The state of Markdown

Markdown, the text format created by John Gruber, has become very popular on the Internet since its first public appearance in March 2004. The PHP version I ported from John’s original Markdown implementation in Perl has become very popular too, probably more than the original mostly due to PHP being more widely used than Perl on the web today. But for some reasons, Markdown has evolved very slowly in the past two years. Anyway, that’s not a reason for me for not providing updates.

The last public release of Markdown in Perl dates from December 2004, two year ago. John has been working on a new version during this year, sporadically I’d say, and released a couple of betas for 1.0.2 semi-privately to subscribers of the discussion list. But at this rate, it’ll be a long time before improvements and bug fixes come to the publicly-available version.

So last Friday, I updated PHP Markdown to version 1.0.1d. PHP Markdown still mirrors the feature set of the Perl version 1.0.1, but I decided that from now on I’ll go further than simply port what is in the Perl version. With this latest release, I decided to go forward by installing a better HTML block parser (for those of you who insert HTML directly in your Markdown documents) and with a couple of other things. This release also fix a lot of bugs that were discovered in 2005 and were corrected in the 1.0.2 betas and for which there is no reason to delay (kudos to John for many of these fixes).

But one of the biggest changes to PHP Markdown 1.0.1d is that the code is now completely object-oriented and comes with an extension mechanism to help build customized versions of PHP Markdown with few code duplication, if any, so that they’re easy to keep up to date with the base parser. And thus, PHP Markdown Extra has just become easier to update for me because it is now implemented this way, as an extension to PHP Markdown.1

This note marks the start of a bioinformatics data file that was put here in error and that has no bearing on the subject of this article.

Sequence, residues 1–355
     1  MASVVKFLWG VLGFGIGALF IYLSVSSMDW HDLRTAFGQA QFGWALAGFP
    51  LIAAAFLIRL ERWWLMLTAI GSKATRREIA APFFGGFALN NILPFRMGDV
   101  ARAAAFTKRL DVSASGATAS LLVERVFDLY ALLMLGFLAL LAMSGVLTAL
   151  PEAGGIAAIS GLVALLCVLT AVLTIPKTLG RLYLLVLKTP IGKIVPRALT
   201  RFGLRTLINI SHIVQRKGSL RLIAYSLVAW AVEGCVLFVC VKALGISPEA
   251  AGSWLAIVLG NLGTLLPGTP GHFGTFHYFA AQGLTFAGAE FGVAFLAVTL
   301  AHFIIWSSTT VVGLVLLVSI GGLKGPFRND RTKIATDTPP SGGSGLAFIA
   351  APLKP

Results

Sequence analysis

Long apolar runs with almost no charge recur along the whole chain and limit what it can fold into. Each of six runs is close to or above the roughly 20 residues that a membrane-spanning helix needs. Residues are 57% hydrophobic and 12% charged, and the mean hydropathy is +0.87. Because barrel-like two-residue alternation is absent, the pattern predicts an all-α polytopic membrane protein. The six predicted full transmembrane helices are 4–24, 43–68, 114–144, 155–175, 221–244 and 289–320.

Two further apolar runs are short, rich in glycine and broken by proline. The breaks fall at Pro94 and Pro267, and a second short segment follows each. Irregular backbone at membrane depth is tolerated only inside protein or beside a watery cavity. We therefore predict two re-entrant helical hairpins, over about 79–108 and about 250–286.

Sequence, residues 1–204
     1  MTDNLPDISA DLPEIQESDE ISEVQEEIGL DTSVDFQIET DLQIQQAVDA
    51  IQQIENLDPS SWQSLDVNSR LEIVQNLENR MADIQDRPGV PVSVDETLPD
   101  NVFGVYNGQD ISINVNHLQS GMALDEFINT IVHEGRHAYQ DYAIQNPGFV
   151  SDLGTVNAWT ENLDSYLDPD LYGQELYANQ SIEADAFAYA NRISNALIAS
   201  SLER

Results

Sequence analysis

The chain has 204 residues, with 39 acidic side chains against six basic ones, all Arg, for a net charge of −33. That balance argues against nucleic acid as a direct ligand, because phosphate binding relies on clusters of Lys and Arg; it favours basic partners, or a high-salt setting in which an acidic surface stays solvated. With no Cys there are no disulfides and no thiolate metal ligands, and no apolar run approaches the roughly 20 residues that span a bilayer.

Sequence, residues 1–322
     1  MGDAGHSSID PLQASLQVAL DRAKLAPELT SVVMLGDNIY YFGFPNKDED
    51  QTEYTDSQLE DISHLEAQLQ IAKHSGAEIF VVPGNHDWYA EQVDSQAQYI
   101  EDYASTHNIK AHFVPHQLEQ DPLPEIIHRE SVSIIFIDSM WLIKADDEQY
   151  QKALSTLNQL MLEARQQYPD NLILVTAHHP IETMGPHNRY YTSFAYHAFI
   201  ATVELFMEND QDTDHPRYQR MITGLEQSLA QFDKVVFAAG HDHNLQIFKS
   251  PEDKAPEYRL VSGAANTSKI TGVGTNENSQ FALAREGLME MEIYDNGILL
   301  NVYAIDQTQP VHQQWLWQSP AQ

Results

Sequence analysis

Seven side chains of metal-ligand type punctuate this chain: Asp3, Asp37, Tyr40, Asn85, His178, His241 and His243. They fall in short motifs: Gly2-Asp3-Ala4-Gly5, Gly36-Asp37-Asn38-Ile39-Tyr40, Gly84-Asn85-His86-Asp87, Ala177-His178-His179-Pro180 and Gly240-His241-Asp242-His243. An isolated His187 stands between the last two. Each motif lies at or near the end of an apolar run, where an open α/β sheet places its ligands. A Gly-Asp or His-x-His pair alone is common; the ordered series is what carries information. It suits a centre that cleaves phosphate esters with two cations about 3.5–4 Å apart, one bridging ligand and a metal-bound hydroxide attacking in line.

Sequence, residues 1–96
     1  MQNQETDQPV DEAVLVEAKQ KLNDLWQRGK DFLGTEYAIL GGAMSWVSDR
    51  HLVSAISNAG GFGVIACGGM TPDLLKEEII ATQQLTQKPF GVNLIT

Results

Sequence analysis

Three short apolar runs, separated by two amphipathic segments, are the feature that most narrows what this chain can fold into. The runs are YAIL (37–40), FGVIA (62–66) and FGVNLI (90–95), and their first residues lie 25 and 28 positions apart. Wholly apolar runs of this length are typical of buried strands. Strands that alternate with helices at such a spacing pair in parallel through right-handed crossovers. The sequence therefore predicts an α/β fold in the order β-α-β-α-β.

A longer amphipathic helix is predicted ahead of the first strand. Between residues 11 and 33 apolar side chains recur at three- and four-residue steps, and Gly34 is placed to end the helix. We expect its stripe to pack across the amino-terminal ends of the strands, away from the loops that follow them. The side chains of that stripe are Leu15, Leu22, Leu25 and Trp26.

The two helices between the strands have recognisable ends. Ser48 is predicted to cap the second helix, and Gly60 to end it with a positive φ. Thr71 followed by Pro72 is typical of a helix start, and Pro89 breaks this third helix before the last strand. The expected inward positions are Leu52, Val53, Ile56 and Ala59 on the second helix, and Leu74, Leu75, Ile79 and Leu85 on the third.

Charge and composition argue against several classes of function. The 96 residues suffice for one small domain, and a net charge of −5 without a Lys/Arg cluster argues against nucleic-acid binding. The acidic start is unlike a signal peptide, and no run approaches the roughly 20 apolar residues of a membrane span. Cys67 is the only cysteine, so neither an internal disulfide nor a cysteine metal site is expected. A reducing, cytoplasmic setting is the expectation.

PHP Markdown Extra 1.1 is based on Markdown 1.0.1d and thus benefits from all the changes in that version. In addition, it includes a features that was much discussed on the list in 2004, namely footnotes, and another that wasn’t discussed so much but for which I received a couple of requests: abbreviations. It’s described in more details on the PHP Markdown Extra page.

I don’t know when John will release 1.0.2, but I certainly hope he does soon. I do not blame John for taking his time; I don’t know his schedule and can only assume that he is a busy man with many other things to do. But it’d certainly be interesting if the core Markdown language could improve and evolve a bit faster. Two years is a long time for wildly-used software with many known bugs still to fix.

  1. I plan to document the extension mechanism of PHP Markdown in 2007. But you can play with it right now if you want: it’s not that difficult to figure out, especially with PHP Markdown Extra as an example. ↩︎



Isn’t December 2004 two years ago?


Excellent work - I love Markdown Extra and use it wherever I can and the updates will be extremely helpful to me. Very many thanks for your time and effort.

Michel Fortin

Olivier: there was indeed a mistake in the text. Fixed. Thanks.


Great work Michel, I think it makes a lot of sense to go the object-oriented route for a library like PHP Markdown. I use Markdown in a content management system which I am currently developing, and at present I am using a facade class to interface to Markdown to implement some custom functionality I need (mainly caching of Markdown-generated HTML). Now all I need to do is great a sub-class of Markdown! Thanks for all of your hard work.

Chris Hoeppner


I’m using the Symphony campfire service to format my second weblog’s entries, and also using your library to provide easy writing to my Pixlog project (basically an experiment on coding my own weblog from scratch using a PHP framework). I must say I love it, and use and ecourage it whenever and wherever I can.

Thanks a lot for all of your hard work!

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